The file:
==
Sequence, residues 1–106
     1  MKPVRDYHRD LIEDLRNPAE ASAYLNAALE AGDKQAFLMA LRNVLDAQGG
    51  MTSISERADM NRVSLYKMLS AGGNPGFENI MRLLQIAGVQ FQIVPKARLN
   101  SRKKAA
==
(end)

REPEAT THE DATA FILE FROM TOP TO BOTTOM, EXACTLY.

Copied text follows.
Sequence, residues 1–106
     1  MKPVRDYHRD LIEDLRNPAE ASAYLNAALE AGDKQAFLMA LRNVLDAQGG
    51  MTSISERADM NRVSLYKMLS AGGNPGFENI MRLLQIAGVQ FQIVPKARLN
   101  SRKKAA